Monday, January 24

The secrets of Alex Saab, a new ‘Odebrecht case’ | Opinion

A man walks past a mural in support of Alex Saab in Caracas, Venezuela, last September.
A man walks past a mural in support of Alex Saab in Caracas, Venezuela, last September.Carolina Cabral (Bloomberg)

For many years Alex Saab Morán was a mystery. His arrest in Cape Verde a year and a half ago and his recent extradition to the United States, completed last week, brought his name and image to social media, newspapers and newscasts around the world. The accusation in a Florida state court for laundering hundreds of millions of dollars and his alleged status as a front man for Nicolás Maduro are the accusations that persecute him the most. But there is more: Alex Saab’s secrets go even further.

The power that Saab gained allowed him to interact with political and business circles outside of Venezuela. His friendship with the former Colombian senator and international ally of the Bolivarian revolution, Piedad Córdoba, for example, was key to his landing in Venezuela; When his businesses were already emerging in Venezuela, the Prime Minister of Antigua and Barbuda and unconditional ally of Chavismo in international forums, Gaston Browne, granted him in 2014 a kind of diplomatic passport that was valid until 2019. Banks of that Caribbean jurisdiction were, precisely, one of those that Saab used the most to move torrents of the money it received from contracts in Venezuela.

For years Alex Saab and his partners opened and closed paper companies in Hong Kong, Panama, Malta, Turkey or the United Arab Emirates to suit every opportunity; he cultivated relationships with powerful and influential lawyers ready to defend him when needed. More recently, it was the hinge for gold exports to Turkey or for exchanges with the Ayatollah regime in Iran. And when the justice of several countries watched him, he was able to install part of his family and his businesses in Moscow.

All these connections make the Alex Saab case a transnational affair, a kind of new Odebrecht case. Now it is not Brazil, but Venezuela, the axis of a network of dark negotiations with powerful actors in various countries. In the history of Odebrecht, the figure of the “awarded whistleblower” helped the Brazilian justice to expose the modus operandi of the construction giant; here Saab could negotiate with the North American authorities his personal destiny in exchange for this valuable information.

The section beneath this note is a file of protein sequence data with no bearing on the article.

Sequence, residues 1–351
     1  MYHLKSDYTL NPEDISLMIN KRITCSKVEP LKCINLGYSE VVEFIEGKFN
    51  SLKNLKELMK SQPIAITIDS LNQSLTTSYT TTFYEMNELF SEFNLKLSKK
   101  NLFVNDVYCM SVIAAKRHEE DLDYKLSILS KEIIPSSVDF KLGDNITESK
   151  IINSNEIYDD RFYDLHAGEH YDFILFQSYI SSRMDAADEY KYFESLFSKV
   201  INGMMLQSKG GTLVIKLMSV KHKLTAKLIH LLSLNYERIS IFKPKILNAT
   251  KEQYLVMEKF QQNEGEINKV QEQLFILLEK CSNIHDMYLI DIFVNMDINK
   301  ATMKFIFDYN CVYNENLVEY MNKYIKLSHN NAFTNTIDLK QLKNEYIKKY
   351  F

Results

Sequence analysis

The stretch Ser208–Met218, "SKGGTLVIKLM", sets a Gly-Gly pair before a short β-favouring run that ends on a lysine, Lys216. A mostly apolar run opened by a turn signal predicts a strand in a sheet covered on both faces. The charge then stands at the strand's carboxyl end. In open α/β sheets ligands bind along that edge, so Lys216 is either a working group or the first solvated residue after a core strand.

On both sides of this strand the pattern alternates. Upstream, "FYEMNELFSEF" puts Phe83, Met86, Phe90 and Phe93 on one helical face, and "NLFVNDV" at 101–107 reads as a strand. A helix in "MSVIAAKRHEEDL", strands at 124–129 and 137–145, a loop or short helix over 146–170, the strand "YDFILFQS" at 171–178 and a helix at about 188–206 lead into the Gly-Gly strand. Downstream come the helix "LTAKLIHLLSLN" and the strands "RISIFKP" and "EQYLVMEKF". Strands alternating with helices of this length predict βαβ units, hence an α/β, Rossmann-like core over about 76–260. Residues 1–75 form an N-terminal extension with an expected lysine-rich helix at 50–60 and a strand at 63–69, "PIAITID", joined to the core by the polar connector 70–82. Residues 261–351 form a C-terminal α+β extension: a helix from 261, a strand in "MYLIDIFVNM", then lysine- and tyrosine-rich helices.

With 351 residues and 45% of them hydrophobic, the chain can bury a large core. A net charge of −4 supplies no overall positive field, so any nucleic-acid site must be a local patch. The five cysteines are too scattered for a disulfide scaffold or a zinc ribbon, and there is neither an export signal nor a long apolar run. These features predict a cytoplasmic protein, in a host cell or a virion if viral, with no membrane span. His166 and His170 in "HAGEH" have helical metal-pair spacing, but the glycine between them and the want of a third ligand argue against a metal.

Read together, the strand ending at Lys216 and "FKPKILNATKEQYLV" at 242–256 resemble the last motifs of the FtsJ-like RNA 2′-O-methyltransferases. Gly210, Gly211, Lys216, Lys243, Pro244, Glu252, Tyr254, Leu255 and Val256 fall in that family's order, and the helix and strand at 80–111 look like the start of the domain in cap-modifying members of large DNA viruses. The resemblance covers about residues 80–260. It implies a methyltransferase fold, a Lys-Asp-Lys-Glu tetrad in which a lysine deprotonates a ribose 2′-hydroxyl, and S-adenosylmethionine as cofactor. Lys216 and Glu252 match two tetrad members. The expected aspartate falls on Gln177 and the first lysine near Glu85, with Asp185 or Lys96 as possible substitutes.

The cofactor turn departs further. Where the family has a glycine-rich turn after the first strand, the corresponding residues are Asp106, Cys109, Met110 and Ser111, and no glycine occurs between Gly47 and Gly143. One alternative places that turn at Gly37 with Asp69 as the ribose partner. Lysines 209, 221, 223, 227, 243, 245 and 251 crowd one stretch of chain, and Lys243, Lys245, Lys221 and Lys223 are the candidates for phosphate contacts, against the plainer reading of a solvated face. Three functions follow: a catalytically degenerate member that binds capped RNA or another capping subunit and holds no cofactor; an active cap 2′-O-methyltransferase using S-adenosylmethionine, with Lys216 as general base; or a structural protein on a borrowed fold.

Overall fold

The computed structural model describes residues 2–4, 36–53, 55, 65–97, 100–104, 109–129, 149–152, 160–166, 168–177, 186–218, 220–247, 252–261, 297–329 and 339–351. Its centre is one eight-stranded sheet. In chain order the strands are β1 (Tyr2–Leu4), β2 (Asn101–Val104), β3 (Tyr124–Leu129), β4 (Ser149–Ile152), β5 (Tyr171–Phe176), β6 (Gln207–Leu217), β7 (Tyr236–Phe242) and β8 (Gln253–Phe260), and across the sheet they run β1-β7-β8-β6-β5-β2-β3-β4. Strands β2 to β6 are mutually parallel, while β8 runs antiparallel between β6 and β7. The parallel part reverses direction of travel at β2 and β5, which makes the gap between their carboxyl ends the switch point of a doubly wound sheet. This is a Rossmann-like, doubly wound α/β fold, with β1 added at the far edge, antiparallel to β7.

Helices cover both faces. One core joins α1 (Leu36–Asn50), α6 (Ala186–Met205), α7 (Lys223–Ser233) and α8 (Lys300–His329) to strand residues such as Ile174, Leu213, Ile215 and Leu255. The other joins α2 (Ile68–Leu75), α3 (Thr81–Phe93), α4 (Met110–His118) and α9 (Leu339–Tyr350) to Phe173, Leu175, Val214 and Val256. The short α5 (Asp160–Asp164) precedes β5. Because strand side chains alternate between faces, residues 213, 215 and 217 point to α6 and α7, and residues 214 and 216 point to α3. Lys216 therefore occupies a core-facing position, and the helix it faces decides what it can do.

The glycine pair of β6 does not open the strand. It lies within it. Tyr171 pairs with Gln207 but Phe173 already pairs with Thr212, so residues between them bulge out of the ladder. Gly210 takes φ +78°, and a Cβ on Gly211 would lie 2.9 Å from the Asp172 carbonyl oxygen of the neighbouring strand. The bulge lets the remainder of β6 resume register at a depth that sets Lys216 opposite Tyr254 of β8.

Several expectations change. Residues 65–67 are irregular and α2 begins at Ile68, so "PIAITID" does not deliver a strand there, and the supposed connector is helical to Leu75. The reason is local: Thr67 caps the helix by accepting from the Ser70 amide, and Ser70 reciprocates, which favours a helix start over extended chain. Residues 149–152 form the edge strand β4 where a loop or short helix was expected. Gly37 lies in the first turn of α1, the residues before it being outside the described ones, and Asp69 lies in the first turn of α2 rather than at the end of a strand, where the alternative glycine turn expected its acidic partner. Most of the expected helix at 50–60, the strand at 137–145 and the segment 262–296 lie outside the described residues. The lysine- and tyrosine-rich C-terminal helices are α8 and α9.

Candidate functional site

For this reason, the image of Alex Saab handcuffed and dressed in orange in his presentation audience on October 18 is disturbing not only in Caracas. In Colombia, it was announced that the Supreme Court of Justice will investigate this relationship between Saab and former Senator Piedad Córdoba. Abelardo De La Espriella, who was his lawyer for years in that country and staunch critic of the Venezuelan “tyranny,” also came out to explain his client. The Ecuadorian Parliament announced an investigation into the Saab trail through that country in search of any loose ends in the case that the Prosecutor’s Office of that country maintained for years and directly related to that first contract for the construction of prefabricated houses that the Barranquilla businessman made a pact with the Chavista regime.

Almost an exact decade has passed since the signing of that first great business in the Miraflores palace before Hugo Chávez and a Nicolás Maduro, then in the role of chancellor. Nothing suggested that ten years later Alex Saab would become the new hero of the Bolivarian revolution, that he was at the center of a dispute between Venezuela and the United States, that Cuba, Russia and Iran would advocate for him or that Baltasar Garzón would take up his cause. with the same vehemence with which he once tried to apprehend the Chilean dictator Augusto Pinochet.